Last month, both of Georgia’s Republican U.S. senators emphatically vowed to support Brett Kavanaugh, but new sexual assault allegations against the Supreme Court nominee have the duo taking a new look at the federal judge.
The seemingly safe confirmation of Kavanaugh plunged into uncertainty over the weekend after the Washington Post published an on-the-record account from Christine Blasey Ford. The California professor said a drunk Kavanaugh pinned her down and tried to remove her bathing suit at a high school party in the 1980s.
Soon thereafter, the Senate Judiciary Committee announced plans to postpone its Thursday vote on Kavanaugh’s nomination and to hold a public hearing with both Ford and Kavanaugh early next week. Still, senators continued to point fingers across the aisle about the timing of allegations and the logistics of the hearing.
Georgia U.S. Sens. Johnny Isakson and David Perdue sought to dodge the spotlight on Monday and Tuesday as reporters swarmed lawmakers looking for comment. Both indicated they were willing to take the new information about Kavanaugh into account, even as Perdue hinted that he was still supportive of Trump’s second Supreme Court pick.
“He is certainly the kind of person we want on the Supreme Court based on the information I have right now,” Perdue said Tuesday.
He said in a subsequent interview that “sexual assault is a serious issue.”
“I’m not trying to demean that at all,” Perdue said. “I’m just saying I don’t have enough facts from the accuser in this situation for something that happened 35 years ago. If it was that serious, why wasn’t this brought out before?”
GOP senators have been eager to confirm Kavanaugh before the start of the court’s new term in early October, although several moderates said they were uncomfortable with many of the new allegations in the Post report.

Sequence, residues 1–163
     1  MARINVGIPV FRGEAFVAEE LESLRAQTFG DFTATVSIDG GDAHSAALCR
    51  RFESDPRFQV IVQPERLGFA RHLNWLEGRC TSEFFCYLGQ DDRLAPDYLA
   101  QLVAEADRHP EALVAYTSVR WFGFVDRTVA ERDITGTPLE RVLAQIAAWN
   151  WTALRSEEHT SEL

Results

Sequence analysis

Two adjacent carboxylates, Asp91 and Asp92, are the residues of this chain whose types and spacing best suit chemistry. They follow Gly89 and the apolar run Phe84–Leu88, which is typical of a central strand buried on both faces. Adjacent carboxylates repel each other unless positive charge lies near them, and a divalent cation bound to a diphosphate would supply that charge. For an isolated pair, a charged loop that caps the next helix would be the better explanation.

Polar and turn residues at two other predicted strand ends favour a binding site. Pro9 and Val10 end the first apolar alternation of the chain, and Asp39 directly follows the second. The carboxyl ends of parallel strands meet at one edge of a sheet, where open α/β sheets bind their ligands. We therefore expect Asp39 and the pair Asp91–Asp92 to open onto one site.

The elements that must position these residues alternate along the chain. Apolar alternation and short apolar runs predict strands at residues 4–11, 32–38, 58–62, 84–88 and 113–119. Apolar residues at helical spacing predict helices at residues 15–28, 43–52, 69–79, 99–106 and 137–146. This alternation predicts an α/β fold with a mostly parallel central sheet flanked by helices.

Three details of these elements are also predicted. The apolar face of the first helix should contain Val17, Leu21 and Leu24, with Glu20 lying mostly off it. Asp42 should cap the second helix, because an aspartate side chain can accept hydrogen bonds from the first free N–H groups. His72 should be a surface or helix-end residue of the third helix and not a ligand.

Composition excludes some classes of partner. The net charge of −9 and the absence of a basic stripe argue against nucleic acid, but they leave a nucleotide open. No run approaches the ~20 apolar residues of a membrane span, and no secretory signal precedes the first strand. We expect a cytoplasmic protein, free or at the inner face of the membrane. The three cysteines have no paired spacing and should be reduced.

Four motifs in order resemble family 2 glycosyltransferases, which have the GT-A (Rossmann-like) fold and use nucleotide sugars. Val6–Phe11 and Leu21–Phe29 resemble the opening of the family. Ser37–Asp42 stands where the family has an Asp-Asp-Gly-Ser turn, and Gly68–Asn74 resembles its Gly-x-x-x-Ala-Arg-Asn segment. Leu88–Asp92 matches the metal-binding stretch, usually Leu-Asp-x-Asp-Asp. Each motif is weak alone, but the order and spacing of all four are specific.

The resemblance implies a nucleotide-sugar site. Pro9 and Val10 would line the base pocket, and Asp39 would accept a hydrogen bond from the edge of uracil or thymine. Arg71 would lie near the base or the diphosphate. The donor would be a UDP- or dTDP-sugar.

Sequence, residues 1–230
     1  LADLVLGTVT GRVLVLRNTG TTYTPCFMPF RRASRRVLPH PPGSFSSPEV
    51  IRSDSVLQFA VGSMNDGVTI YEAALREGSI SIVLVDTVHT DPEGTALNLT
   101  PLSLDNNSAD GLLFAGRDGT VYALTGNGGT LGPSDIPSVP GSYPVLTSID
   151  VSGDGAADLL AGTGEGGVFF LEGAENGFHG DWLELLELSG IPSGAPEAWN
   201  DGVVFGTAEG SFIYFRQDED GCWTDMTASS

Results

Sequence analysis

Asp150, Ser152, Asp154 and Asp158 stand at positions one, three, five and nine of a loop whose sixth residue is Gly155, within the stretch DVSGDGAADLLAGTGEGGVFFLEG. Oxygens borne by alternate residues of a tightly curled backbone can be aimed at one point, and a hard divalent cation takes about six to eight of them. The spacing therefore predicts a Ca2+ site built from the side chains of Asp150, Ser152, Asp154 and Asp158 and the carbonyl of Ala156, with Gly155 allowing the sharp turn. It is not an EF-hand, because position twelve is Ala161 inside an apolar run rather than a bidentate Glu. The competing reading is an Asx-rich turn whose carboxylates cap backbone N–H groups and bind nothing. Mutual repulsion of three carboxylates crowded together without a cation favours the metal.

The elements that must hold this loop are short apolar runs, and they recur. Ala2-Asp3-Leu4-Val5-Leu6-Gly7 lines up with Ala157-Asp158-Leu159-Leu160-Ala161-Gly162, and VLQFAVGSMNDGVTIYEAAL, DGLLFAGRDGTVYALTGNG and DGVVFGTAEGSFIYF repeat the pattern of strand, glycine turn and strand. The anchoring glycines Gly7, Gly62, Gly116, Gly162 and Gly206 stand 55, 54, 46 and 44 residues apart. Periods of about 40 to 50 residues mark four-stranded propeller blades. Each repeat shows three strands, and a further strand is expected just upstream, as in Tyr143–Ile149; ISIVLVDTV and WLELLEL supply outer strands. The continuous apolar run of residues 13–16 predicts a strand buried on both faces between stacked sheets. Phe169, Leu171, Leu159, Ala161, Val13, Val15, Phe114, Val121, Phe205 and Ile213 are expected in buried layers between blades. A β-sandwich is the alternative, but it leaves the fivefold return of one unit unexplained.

Isakson was far more opaque about his thoughts on Kavanaugh, saying Monday he would not “discuss who, what, when or where with anybody until all the facts have come out.”
“You’ve got first class people up and down conducting (the Judiciary Committee hearing) and I think I’ll have everything I need to know to make a decision,” he said, adding that he is “not going to be closed-minded” about the new allegations.
“I’ll listen,” he said.
Kavanaugh has categorically denied Ford’s accusations, and President Donald Trump has stuck by his nominee, telling reporters Tuesday that the D.C. Court of Appeals judge was a “truly outstanding person” with an “unblemished record.” He blamed California Democrat Dianne Feinstein for waiting until the eleventh hour to disclose the allegations but refrained from criticizing Ford directly.
Democrats, who for months have painted Kavanaugh’s views as extreme, have urged lawmakers to pump the brakes on the judge’s confirmation. Party leaders have argued the GOP should take to heart the lessons of the #MeToo movement and Anita Hill’s role in Clarence Thomas’ Supreme Court confirmation fight in the early 1990s.
“An all-male Judiciary committee dropped the ball in 1991, and we cannot allow an all-male Republican side of the Judiciary Committee do the same in 2018,” tweeted U.S. Sen. Patty Murray, D-Wash., who was motivated to run for Senate in 1992 in part because of Hill’s treatment. “Women who come forward should be listened to, heard, and believed—and investigations and all appropriate actions should be taken once they have come forward to share their experiences.”
Neither Isakson nor Perdue are members of the Judiciary Committee so will not be playing a prominent role in Monday’s hearing.
Both have backed every Trump administration nominee to come up for a vote on the Senate floor, including Neil Gorsuch, the president’s first Supreme Court pick.
Insiders’ note: This post was ripped and expanded from today’s morning Jolt.
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